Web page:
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Where Medical Students Congregate. According to the latest statistics, Chicago ranks first in order as a medical center, with over 2,500 medical students; Philadelphia second, with upwards of 2,300 students; New York shows a decrease in attendance from 1889 of almost 200, giving her the third place, with 1,900 students; St. Louis ranks fourth, with about 1,400 students, having passt Baltimore, Cincinnati and Louisville; Baltimore has 1,300 students, and occupies the sixth place. -Med. Age.

Alkaline Injections for Sterility.

Trouette, a veterinary surgeon of Lyons, France, has been experimenting with alkaline vaginal injections on mares that had been ineffectually covered. He treated 436 of them, using 75 grains of sodium bicarbonate to about a quart of water an hour before copulation, so as to counteract the hyperacidity of the vaginal mucus, which was blamed for the preceding sterility. Two hundred and seventy-seven of them were fecundated, 148 remained sterile and fourteen were lost sight of by him. Old brood-mares that had not been pregnant for many years-one having gone eight years, and having been unsuccessfully covered for three consecutive yearsunder the treatment produced fine foals.— Exchange.

Diagnosis of Fractures.

Dr. Thomas H. Manley, Professor of Surgery in the New York School of Clinical Medicine, dwelling upon the importance of accurate diagnosis of fractures, offers (Virginia Medical Semi-Monthly) the following conclusions: (1) Fractures, difficult or impossible of demonstration, those fissured vertically, or those nondisplaced through the cancellous tissue of the articular ends of long bones, occur, without doubt, more frequently than is commonly supposed. (2) In injuries of the limbs attended with unusual or doubtful fracture, nothing can justify the application of violence to demonstrate its presence, as in no event are the principles of therapy altered in them. (3) In (3) In this class of cases the patient should be given the benefit of the doubt, until, at least, time elucidates it-caution only being observed that the circulation is unhampered and full muscular relaxation is effected. (4) We should never fail, when possible, to utilize the Roentgen rays as a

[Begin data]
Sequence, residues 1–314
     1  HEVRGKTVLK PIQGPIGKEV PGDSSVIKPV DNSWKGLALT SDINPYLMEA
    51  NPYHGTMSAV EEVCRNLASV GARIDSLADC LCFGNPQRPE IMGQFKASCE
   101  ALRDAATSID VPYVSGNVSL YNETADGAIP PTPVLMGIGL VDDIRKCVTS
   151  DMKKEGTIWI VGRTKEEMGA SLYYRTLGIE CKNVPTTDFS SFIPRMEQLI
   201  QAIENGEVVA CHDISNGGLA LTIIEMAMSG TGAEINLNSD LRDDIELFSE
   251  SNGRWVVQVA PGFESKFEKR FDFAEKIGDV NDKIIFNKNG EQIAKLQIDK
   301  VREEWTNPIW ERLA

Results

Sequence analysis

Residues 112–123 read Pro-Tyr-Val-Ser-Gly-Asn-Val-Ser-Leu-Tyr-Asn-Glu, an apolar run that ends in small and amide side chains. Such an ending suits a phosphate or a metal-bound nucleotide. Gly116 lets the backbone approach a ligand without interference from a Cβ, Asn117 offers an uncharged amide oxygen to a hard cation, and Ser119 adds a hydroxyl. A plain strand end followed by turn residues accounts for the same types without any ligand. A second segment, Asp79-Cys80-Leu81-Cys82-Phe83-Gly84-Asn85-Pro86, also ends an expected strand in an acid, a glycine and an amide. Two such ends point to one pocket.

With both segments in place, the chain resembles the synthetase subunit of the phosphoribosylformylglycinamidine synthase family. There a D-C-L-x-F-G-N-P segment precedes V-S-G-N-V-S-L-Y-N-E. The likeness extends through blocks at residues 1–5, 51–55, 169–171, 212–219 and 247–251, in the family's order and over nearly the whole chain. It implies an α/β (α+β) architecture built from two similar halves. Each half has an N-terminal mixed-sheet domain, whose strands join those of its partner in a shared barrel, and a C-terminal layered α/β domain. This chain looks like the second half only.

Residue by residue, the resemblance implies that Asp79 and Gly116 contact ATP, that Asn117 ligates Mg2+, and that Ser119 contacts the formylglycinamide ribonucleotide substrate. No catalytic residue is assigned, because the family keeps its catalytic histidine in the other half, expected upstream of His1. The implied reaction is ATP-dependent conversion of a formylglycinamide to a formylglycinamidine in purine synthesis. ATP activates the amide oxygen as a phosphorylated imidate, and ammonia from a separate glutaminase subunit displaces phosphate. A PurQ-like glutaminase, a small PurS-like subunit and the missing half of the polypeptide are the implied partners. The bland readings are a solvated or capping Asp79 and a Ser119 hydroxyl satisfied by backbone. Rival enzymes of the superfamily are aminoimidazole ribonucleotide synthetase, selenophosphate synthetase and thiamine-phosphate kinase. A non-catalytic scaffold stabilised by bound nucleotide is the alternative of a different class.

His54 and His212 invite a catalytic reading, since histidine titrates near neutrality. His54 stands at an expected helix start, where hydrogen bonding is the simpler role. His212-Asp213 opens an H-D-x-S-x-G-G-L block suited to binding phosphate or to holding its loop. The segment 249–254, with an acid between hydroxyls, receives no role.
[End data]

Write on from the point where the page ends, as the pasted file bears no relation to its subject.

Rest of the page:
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-In Chronic Indigestion with Diarrhea in Children where the lesion is in the region of the ileo-cecal valve, Prof. E. E. Graham outlines the following treatment: Starve twenty-four hours, clean out the offending material with a mild calomel purge given in divided doses of or of a grain every half-hour until one grain has been given. Bathe with whisky; practice intestinal irrigation, using for this purpose a No. 10 or No. 12 catheter, and for the irrigation one gallon of an astringent solution, as a teaspoonful to the gallon of a solution of nitrate of silver (60 gr. per f3j). If this fails, dilute hydrochloric acid and strychnia are tried.

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A Pessary which is producing discomfort or irritation should be removed immediately. A woman should be no more conscious of the presence of the pessary in her vagina than of the false teeth in her mouth or her false hair on her head. A pessary should never be introduced until the uterus has been replaced in its normal position. The physician should no more think of introducing a pessary with the. uterus in a retrodisplaced position than he would of placing a truss on an unreduced hernia or of applying a splint before adjusting the fragments of bone.-Krusen.

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-In Opening a "Ganglion," or enlarged bursa over a muscle tendon, great care should be taken that a general infiltration of the intermuscular spaces does not ensue. Synovitis not infrequently follows this simple minor operation. The loss of a limb, or even of life, has been known as a consequence of carelessness in emptying the ganglion. Instead of cutting into the bursa, some operators strike a blow over the spot with a heavy book, thus rupturing the sac. The sac is filled with a thick, clear, amber-like substance.-Brinton.

-Professor J. C. Wilson prefers to treat Gastric Ulcer by absolute rest in bed, to nourish by rectal enemata, and to keep cold compresses over the stomach. Codein is given by the mouth, or morphia hypoder